Sampling: Yes. For additional information see the Population and Sampling Specifications section

Data Reported As: Aggregate rate generated from count data reported as a proportion.

Selected References: 1. The National Quality Forum, National Voluntary Consensus Standards for the Treatment of Substance Use Conditions: Evidence-Based Treatment Practices; A Consensus Report; 2007.

2. Harwood, HJ, 2000. Updating Estimates of the Economic Costs of Alcohol Abuse in the United States. National Institute on Alcohol Abuse and Alcoholism. Available at: http://pubs.niaaa.nih.gov/publications/economic-2000, Office of National Drug Control Policy. The Economic Costs of Drug Abuse in the United States: 1992–2002. Washington, DC: Executive Office of the President (Publication No. 207303), 2004.

3. Mokdad AH, Marks JS, Stroup DS, Geberding JL. Actual Causes of Death in the United States, 2000. JAMA 2004;291:128-1245.

4. Madras BK, Compton WM, Avula D, Stegbauer T, Stein JB, Clark HW. Screening, Brief Intervention, Referral to Treatment (SBIRT) for Illicit Drug and Alcohol Use at Multiple Health Care Sites: Comparison at Intake and Six Months Later. Drug Alcohol Depend. 2009;99:280-295.

5. Substance Abuse and Mental Health Services Administration. Results from the 2006 National Survey on Drug Use and Health: National Findings. Office of Applied Studies, NSDUH Series H-32, DHHS Publication No. SMA 07-4293. Rockville, 2007.

6. National Institute on Alcohol Abuse and Alcoholism (NIAAA), Helping Patients Who Drink Too Much: A Clinician’s Guide, 2005 Edition, Rockville, MD.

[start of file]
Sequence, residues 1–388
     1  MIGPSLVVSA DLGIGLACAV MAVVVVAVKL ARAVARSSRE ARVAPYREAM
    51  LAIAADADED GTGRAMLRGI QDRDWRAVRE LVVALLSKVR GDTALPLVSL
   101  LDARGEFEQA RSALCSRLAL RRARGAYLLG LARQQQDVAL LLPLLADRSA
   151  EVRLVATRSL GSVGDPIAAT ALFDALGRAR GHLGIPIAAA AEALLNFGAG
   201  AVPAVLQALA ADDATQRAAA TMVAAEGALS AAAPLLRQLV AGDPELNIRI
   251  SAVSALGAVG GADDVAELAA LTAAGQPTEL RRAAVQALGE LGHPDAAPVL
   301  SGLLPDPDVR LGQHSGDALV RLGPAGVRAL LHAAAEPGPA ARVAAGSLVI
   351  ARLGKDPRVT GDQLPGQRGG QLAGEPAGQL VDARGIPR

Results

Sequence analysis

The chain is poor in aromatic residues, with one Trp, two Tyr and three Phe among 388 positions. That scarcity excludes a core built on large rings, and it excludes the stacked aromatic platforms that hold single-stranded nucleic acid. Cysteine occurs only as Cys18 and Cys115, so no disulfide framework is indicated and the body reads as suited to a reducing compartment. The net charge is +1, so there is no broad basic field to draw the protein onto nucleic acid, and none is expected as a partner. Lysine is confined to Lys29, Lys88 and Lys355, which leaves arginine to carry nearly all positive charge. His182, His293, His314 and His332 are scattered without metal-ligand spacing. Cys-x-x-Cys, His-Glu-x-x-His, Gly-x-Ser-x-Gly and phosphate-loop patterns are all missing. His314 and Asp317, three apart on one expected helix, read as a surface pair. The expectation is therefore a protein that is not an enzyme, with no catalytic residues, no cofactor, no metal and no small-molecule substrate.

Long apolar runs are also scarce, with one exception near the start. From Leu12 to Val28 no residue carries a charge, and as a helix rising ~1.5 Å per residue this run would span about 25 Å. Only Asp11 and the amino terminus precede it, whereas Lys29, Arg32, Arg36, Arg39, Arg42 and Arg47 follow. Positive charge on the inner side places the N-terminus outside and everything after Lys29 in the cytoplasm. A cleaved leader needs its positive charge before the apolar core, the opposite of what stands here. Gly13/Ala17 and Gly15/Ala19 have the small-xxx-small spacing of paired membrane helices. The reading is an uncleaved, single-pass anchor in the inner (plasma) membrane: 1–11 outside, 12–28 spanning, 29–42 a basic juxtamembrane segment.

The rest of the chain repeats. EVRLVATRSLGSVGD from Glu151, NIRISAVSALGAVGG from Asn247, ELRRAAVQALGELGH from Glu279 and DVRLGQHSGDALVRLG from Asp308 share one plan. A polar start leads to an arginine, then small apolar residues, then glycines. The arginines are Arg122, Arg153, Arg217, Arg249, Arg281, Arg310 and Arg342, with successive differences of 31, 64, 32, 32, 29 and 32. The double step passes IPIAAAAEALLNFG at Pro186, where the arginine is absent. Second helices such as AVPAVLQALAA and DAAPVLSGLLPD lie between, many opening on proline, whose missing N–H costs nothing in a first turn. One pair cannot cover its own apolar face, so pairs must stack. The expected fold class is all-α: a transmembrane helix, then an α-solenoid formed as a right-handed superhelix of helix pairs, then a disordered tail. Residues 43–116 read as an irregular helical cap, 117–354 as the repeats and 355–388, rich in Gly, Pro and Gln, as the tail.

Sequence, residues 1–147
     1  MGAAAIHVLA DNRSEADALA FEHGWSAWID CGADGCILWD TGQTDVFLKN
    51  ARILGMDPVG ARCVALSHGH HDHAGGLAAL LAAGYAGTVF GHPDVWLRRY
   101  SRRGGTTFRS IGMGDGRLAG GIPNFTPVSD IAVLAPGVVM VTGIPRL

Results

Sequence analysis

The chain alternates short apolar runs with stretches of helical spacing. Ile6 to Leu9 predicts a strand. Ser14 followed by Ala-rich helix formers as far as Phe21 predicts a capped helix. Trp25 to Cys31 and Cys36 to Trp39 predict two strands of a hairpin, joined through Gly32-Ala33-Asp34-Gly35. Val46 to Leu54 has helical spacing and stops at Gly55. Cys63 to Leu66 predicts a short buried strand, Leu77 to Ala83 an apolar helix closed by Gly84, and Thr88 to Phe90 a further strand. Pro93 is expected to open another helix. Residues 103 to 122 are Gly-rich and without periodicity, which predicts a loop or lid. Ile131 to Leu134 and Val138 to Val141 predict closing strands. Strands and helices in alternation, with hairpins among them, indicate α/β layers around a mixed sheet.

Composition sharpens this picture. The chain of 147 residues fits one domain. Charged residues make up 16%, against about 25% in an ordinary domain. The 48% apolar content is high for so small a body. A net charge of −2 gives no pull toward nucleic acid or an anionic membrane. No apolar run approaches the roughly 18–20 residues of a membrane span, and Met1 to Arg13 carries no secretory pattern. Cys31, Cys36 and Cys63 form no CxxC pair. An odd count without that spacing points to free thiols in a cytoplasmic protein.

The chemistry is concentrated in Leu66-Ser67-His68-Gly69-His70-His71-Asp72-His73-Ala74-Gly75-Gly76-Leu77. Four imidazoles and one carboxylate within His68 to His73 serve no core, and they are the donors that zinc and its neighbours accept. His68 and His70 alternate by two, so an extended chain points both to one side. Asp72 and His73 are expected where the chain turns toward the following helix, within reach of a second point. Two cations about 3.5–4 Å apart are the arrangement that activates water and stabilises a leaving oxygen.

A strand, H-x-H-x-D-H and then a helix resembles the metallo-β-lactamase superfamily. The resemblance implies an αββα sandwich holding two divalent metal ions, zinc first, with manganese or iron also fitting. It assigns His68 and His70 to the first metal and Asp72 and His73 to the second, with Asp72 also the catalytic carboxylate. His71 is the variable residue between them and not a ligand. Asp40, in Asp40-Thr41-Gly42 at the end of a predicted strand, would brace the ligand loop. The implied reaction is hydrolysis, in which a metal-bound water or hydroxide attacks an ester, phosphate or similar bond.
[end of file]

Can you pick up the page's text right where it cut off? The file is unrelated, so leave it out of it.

7. Fleming MF, Mundt MP, French MT, Manwell LB, Stauffacher EA, Barry KL. Brief physician advice for problem drinkers: Long-term efficacy and cost-benefit analysis. Alcohol Clin Exp Res. 2002 Jan;26(1):36-43.

8. Gentilello LM, Ebel BE, Wickizer TM, Salkever DS Rivera FP. Alcohol interventions for trauma patients treated in emergency departments and hospitals: A cost benefit analysis. Ann Surg. 2005 Apr;241(4):541-50.

9. Gentilello LM, Villaveces A, Ries RR, Nason KS, Daranciang E, Donovan DM Copass M, Jurkovich GJ Rivara FP. Detection of acute alcohol intoxication and chronic alcohol dependence by trauma center staff. J Trauma. 1999 Dec;47(6):1131-5; discussion 1135-9.

10. Bernstein J, Bernstein E, Tassiopoulos K, Heren T, Levenson S, Hingson R. Brief motivational interventions at a clinic visit reduces cocaine and heroin use. Drug Alcohol Depend. 2005 Jan 7;77(1):49-59.

11. Madras BK, Compton WM, Avula D, Stegbauer T, Stein JB, Clark HW. Screening, brief interventions, referral to treatment (SBIRT) for illicit drug and alcohol use at multiple healthcare sites: Comparison at intake and 6 months later. Drug Alcohol Depend. 2009 Jan 1;99(1-3):280-95. Epub 2008 Oct 16.

12. Rehm J, Room R, Graham K, Monteiro M, Gmel G, Sempos CT. The relationship of average volume of alcohol consumption and patterns of drinking to burden of disease: An overview. Addiction. 2003 Sep;98(9):1209-28.

13. Smothers BA, Yahr HT, Sinclair MD. (). Prevalence of current DSM-IV alcohol use disorders in short-stay, general hospital admissions, United States, 1994. Arch Intern Med. 2003 Mar 24;163(6):713-9.

14. Smothers BA, Yahr HT, Ruhl CE. Detection of alcohol use disorders in general hospital admissions in the United States. Arch Intern Med. 2004 Apr 12;164(7):749-56.

15. CPT Assistant. Coding communication: Screening and brief intervention (SBI) for alcohol and substance abuse (other than tobacco). May 2008;18(5).

Measure Algorithm:

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Related Topics

Measure Information Form TAM-05
Specifications Manual for Joint Commission National Quality Core Measures (2010A1)
Discharges 04-01-10 (2Q10) through 09-30-10 (3Q10)